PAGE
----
A plain reading of the abovequoted provision clearly presupposes that it is the employer who terminates the services of the employee found to be suffering from any disease and whose continued employment is prohibited by law or is prejudicial to his health as well as to the health of his co-employees. It does not contemplate a situation where it is the employee who severs his or her employment ties. This is precisely the reason why Section 8,Rule 1, Book VI of the Omnibus Rules Implementing the Labor Code, directs that an employer shall not terminate the services of the employee unless there is a certification by a competent public health authority that the disease is of such nature or at such a stage that it cannot be cured within a period of six (6) months even with proper medical treatment.The Court finds that petitioner was the one who initiated the severance of his employment relations with respondent. It is evident from the various pleadings filed by petitioner that he never intended to return to his employment with respondent on the ground that his health is failing. Indeed, petitioner did not ask for reinstatement. In fact, he rejected respondent's offer for him to return to work. This is tantamount to resignation.

Resignation is defined as the voluntary act of an employee who finds himself in a situation where he believes that personal reasons cannot be sacrificed in favor of the exigency of the service and he has no other choice but to disassociate himself from his employment. Virjen Shipping Corporation v. Barraquio, G.R. No. 178127, April 16, 2009.

Since petitioner was not terminated from his employment and, instead, is deemed to have resigned therefrom, he is not entitled to separation pay under the provisions of the Labor Code.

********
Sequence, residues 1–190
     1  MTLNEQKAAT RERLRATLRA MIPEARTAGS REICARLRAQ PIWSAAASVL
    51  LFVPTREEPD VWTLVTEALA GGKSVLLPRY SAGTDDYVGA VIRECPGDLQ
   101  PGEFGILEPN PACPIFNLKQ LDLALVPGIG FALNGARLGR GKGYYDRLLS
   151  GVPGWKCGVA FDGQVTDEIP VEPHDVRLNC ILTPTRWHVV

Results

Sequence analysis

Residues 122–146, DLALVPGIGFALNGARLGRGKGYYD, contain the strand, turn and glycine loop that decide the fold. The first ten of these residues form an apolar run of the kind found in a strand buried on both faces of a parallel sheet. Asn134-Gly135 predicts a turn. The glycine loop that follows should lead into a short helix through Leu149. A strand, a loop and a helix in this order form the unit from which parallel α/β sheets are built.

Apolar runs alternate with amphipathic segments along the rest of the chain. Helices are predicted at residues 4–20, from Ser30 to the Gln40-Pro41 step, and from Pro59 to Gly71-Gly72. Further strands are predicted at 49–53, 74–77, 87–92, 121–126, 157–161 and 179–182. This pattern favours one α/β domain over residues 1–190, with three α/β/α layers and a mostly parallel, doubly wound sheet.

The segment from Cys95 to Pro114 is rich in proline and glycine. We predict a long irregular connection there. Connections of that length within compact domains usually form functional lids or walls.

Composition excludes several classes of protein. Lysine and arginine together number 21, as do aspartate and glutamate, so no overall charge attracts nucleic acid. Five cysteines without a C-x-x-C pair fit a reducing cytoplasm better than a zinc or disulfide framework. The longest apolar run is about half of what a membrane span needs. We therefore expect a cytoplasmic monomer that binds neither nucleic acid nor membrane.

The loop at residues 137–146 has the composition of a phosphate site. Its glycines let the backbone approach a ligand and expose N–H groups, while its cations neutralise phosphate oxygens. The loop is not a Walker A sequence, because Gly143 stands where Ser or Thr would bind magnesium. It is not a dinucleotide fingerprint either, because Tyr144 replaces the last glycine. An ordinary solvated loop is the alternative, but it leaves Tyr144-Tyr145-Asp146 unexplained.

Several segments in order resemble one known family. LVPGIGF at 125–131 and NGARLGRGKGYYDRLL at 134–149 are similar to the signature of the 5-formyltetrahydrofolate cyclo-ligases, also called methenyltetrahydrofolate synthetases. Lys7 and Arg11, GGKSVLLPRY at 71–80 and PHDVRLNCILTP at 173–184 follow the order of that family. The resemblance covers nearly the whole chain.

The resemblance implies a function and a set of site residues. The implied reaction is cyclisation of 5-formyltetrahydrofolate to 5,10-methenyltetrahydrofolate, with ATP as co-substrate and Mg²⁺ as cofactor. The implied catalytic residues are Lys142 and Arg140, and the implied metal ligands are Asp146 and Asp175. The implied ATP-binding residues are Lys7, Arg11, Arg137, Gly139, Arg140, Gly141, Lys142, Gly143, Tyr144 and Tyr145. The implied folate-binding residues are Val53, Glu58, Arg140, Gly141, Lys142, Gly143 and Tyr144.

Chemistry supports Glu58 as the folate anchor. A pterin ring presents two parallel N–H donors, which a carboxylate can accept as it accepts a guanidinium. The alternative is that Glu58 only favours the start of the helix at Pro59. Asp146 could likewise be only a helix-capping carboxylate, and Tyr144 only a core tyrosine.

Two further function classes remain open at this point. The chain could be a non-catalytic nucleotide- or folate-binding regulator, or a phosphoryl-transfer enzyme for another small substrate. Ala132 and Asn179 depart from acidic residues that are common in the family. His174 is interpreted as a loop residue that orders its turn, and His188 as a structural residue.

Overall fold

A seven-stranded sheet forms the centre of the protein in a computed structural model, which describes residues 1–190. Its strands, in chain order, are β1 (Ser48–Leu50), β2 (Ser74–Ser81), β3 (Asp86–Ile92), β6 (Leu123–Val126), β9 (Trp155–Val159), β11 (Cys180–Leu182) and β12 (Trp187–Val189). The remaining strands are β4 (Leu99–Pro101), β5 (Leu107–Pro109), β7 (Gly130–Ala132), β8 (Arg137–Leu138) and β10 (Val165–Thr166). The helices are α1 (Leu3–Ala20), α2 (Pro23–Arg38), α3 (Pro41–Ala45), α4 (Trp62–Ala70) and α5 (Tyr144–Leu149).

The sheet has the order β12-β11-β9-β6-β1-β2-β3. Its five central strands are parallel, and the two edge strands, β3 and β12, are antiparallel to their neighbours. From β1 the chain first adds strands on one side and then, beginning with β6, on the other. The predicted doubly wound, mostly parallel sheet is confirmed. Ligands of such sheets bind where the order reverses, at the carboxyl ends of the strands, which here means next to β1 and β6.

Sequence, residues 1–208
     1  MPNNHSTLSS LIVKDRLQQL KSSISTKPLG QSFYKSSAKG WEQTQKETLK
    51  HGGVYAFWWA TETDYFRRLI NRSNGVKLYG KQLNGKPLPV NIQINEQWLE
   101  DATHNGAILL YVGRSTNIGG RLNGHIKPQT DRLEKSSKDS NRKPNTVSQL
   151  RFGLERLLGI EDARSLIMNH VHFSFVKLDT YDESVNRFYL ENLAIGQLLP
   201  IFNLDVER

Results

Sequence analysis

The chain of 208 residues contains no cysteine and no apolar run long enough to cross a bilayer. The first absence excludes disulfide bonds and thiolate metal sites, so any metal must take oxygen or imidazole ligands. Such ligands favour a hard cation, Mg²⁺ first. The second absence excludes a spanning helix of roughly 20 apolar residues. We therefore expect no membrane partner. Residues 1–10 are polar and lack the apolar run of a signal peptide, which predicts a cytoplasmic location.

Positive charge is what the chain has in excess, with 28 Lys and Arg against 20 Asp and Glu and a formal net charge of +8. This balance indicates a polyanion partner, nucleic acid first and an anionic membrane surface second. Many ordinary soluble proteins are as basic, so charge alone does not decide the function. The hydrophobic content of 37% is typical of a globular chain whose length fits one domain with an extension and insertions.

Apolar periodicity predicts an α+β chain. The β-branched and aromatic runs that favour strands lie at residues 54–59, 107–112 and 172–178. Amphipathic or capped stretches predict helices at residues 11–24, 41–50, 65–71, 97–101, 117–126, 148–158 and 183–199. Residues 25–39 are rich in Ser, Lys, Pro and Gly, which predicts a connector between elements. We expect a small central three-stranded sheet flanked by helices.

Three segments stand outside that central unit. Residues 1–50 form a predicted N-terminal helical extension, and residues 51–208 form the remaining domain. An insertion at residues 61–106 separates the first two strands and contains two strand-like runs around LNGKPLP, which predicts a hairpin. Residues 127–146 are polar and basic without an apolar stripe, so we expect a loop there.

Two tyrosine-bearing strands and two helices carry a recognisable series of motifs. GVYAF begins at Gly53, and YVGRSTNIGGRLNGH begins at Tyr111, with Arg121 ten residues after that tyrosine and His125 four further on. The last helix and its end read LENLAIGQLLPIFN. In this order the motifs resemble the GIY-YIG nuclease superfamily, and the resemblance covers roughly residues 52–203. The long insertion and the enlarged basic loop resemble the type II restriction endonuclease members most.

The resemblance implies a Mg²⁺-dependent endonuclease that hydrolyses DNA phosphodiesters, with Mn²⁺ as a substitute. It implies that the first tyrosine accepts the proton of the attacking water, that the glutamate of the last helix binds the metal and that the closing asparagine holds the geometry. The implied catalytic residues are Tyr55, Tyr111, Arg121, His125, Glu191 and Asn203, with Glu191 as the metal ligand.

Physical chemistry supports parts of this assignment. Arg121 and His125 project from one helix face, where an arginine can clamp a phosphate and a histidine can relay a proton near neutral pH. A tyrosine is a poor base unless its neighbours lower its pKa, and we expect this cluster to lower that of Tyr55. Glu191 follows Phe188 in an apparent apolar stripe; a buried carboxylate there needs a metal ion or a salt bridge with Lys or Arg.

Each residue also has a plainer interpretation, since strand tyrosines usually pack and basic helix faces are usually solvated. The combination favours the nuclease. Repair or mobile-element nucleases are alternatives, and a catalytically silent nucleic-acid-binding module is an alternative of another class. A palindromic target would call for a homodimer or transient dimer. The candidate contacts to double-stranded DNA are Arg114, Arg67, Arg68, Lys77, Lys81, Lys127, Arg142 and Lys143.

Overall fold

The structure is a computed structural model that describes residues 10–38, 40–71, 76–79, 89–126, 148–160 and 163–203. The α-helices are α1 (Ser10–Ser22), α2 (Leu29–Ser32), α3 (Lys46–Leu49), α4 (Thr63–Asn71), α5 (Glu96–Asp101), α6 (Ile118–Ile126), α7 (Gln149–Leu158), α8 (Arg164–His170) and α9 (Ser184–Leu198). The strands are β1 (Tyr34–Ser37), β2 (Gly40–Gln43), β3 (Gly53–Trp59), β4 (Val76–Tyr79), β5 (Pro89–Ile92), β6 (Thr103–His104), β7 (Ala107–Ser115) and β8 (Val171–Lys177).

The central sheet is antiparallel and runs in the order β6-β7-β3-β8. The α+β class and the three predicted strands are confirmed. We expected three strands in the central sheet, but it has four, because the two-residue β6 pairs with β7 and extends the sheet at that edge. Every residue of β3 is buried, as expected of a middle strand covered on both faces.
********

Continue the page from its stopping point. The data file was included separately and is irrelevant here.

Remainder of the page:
The foregoing notwithstanding, this Court, in a number of cases, has granted financial assistance to separated employees as a measure of social and compassionate justice and as an equitable concession. Taking into consideration the factual circumstances obtaining in the present case, the Court finds that petitioner is entitled to this kind of assistance.

The Court finds credence in petitioner's contention that he is in the employ of respondent for more than 35 years. In the absence of a substantial refutation on the part of respondent, the Court agrees with the findings of the Labor Arbiter and the NLRC that respondent company is not distinct from its predecessors but, in fact, merely continued the operation of the latter under the same owners and the same business venture. The Court further notes that there is no evidence on record to show that petitioner has any derogatory record during his long years of service with respondent and that his employment was severed not by reason of any infraction on his part but because of his failing physical condition. Add to this the willingness of respondent to give him financial assistance. Hence, based on the foregoing, the Court finds that the award of P50,000.00 to petitioner as financial assistance is deemed equitable under the circumstances. DENIED.